The U.S. Chamber of Commerce holds the counter position. “Nowadays, … many class actions are not being prosecuted to seek justice, but rather to shake down a defendant—hurting businesses and damaging the American economy,” the group says on its website, www.uschamber.com.. “The supposed beneficiaries of class actions rarely obtain meaningful benefits.” The Chamber declined to comment, citing a rule against discussing cases.

Plaintiff attorneys typically charge contingency fees for their work, meaning they don’t get paid unless their clients do. Be mindful of attorney fees. Firms can charge up to 40% on individual claims. Judges can cap the percentage, too. Be sure to read the fine print on how much of a potential claim will go to lawyers and decide if that’s a number you’re comfortable with. 

For more information, visit www.syngentacornlitigation.com or www.vipterachinafacts.com..  


Tips from Someone Who’s Been There

In 2006, Neil Daniels was riding high: rice prices were finally making their comeback. But they took a dramatic fall just one month prior to harvest. An unapproved variety of GMO rice got mixed into the general U.S. supply and the European Union and other foreign countries wanted no part of it, depressing demand and Daniels’ income.

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You’ve got to put a lot of thought into it [filing a lawsuit against a large company]. I was glad to be a part of it. —Neil Daniels, retired Arkansas rice farmer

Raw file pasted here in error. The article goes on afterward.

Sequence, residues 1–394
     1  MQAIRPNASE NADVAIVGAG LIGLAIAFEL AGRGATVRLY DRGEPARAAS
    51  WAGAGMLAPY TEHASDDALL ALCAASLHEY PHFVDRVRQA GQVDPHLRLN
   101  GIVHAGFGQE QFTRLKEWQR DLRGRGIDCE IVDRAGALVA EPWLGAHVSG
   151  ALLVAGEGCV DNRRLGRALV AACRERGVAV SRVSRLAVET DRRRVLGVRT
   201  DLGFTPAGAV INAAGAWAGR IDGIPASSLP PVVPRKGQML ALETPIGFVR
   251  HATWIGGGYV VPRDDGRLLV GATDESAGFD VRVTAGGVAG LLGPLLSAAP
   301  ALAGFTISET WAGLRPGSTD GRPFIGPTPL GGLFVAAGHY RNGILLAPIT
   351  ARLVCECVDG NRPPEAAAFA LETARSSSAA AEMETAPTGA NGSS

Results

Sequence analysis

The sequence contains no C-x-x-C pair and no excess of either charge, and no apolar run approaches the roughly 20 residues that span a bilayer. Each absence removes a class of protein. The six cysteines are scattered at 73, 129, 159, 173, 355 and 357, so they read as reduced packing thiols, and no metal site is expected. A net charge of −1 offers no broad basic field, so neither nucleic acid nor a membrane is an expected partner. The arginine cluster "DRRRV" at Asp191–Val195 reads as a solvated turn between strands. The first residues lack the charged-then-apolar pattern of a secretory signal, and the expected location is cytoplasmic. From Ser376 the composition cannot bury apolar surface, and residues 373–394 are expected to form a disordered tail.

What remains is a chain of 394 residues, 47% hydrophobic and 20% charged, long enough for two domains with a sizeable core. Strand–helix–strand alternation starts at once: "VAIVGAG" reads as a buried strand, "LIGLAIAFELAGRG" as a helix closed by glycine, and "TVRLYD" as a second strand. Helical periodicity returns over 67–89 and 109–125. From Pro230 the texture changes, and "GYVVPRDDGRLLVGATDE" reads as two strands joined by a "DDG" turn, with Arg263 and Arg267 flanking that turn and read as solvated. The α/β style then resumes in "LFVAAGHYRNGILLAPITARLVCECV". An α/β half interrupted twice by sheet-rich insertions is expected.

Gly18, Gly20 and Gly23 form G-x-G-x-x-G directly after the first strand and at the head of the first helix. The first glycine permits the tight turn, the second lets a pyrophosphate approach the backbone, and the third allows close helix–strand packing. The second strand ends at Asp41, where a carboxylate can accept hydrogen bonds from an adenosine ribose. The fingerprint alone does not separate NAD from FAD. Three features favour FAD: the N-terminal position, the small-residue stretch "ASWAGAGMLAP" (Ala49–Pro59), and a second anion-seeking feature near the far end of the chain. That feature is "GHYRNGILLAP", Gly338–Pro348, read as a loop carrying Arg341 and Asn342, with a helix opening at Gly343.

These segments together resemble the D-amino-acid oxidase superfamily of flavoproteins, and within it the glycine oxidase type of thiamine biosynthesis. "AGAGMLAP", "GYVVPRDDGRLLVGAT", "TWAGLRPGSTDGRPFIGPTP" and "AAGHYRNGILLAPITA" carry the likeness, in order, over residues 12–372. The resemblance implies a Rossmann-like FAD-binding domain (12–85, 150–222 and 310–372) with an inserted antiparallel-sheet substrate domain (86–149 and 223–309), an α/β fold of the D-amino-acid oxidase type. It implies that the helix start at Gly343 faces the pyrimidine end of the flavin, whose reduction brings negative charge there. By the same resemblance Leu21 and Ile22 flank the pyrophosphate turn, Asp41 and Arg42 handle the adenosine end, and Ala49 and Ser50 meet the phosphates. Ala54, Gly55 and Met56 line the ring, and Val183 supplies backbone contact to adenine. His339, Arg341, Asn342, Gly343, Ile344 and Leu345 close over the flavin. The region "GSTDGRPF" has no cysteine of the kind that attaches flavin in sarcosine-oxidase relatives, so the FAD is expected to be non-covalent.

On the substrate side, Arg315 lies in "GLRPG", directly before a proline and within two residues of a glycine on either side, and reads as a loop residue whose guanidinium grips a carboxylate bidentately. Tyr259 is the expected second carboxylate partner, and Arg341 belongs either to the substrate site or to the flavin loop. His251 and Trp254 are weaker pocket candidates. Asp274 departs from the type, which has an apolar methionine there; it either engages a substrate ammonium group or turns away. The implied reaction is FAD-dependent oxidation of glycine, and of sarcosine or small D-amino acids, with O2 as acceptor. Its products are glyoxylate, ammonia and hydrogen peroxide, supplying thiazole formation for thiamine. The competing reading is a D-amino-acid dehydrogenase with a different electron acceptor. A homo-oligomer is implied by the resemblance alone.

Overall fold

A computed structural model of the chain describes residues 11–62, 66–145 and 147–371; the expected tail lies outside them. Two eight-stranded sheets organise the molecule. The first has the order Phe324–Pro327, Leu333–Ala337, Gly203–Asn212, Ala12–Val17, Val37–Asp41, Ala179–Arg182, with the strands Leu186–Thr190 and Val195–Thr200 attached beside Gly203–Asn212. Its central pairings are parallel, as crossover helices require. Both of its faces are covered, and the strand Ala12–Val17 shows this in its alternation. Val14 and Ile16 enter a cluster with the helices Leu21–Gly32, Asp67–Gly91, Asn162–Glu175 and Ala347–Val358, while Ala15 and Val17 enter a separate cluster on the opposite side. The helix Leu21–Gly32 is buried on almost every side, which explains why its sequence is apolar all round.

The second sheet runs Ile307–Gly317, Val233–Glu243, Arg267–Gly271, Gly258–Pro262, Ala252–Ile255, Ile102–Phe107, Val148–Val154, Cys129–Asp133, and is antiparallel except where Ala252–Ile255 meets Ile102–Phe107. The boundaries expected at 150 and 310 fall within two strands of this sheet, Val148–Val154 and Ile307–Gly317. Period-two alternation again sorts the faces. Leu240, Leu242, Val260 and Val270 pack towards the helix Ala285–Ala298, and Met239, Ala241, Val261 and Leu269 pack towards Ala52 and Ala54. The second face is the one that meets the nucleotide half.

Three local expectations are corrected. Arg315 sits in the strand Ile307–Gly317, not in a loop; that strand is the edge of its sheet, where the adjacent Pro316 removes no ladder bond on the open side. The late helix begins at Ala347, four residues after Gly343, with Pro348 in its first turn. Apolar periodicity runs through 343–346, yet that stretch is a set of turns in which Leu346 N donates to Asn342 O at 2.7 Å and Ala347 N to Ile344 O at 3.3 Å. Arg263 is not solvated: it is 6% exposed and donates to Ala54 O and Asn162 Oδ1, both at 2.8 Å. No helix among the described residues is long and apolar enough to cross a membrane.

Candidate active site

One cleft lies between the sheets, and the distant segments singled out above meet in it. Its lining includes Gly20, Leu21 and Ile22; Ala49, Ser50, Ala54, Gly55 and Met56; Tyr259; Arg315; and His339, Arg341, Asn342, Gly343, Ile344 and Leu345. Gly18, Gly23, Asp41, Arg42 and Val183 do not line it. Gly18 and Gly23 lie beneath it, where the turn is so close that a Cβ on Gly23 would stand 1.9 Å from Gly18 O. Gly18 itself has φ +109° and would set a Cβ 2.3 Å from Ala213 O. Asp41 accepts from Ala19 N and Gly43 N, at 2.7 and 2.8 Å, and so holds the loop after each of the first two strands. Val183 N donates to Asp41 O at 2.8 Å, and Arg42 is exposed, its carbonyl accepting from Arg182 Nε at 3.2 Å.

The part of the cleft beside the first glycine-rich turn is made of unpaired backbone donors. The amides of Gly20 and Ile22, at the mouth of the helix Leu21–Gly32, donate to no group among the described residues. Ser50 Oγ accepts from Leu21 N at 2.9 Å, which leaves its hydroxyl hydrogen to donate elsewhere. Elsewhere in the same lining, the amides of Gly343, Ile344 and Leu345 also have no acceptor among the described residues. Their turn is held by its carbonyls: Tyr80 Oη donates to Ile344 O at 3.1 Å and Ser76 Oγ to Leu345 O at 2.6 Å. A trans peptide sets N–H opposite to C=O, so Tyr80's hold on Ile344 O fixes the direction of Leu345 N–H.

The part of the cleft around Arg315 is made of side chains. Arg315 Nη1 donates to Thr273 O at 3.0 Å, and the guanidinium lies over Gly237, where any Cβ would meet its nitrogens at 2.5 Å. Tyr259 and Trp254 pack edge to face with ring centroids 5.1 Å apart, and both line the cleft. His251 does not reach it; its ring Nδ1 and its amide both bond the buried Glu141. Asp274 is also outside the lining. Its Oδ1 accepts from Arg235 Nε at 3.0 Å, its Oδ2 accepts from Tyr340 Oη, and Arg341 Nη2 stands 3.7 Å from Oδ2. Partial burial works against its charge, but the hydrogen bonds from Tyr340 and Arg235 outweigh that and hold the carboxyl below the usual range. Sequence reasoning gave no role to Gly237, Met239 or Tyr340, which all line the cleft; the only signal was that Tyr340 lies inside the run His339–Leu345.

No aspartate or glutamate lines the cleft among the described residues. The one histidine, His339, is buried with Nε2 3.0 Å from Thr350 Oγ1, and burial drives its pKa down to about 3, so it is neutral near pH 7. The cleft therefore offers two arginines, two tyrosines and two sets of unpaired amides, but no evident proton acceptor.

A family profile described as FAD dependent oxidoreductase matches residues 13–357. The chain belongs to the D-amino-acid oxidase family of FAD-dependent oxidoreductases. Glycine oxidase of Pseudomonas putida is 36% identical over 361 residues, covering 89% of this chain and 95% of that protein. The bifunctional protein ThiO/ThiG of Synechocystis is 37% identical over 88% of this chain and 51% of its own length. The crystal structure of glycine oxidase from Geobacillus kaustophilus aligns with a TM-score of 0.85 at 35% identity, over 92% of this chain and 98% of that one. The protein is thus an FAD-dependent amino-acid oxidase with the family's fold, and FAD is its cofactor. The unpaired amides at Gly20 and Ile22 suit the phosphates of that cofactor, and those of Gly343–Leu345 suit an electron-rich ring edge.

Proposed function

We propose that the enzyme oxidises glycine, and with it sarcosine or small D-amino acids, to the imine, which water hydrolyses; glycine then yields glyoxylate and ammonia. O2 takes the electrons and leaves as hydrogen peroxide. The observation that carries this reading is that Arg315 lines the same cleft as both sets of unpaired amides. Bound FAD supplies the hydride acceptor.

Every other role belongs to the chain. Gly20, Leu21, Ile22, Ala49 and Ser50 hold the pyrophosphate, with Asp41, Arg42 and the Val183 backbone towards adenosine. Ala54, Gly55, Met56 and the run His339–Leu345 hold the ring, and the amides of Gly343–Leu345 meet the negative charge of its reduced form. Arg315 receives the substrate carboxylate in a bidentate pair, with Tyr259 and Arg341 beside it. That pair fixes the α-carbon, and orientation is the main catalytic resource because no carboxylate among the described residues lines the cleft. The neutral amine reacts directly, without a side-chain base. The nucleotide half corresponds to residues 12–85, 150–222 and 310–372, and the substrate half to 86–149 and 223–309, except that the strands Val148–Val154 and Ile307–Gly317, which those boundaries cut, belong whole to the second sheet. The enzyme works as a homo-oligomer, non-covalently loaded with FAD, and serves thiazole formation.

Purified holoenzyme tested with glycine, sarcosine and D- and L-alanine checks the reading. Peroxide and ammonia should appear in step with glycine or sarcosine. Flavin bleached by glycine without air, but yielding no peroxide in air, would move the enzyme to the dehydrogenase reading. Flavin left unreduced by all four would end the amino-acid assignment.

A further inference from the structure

“I was one of the first 12 people who filed a lawsuit,” he says. “We felt [Bayer] took unnecessary risk to try to beat competitors.” Bayer ultimately settled 11,000 claims with farmer-plaintiffs for $750 million.

The class was ultimately denied, but Daniels went ahead and filed an independent claim against the company for damages he says came from them leaking a product into supply too early. The court found Bayer negligent in this matter. 

Daniels declined to say how much his award was, but he did say it took a considerable amount of time and record keeping on his part. “We had to provide our crop list for probably five years prior,” Daniels says. “It was a lot of digging.”

He started working with a lawyer in 2006, and the case finally went to trial four years later. They were in court for two months. Bayer appealed, but the jury’s initial decision ultimately stood, granting Daniels the victory. He got his share of the settlement in 2012.

Daniels advises farmers considering class action to make sure they have a good lawyer they can trust; understand the matter will take time, and make sure they have a solid case before getting involved.